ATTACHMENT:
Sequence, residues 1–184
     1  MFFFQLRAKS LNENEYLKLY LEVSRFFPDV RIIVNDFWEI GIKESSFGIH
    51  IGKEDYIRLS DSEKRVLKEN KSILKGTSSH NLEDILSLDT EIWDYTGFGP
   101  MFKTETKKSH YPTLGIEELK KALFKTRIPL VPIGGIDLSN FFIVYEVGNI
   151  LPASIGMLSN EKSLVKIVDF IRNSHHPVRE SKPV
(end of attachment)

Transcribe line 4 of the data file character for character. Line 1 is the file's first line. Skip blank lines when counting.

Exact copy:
   101  MFKTETKKSH YPTLGIEELK KALFKTRIPL VPIGGIDLSN FFIVYEVGNI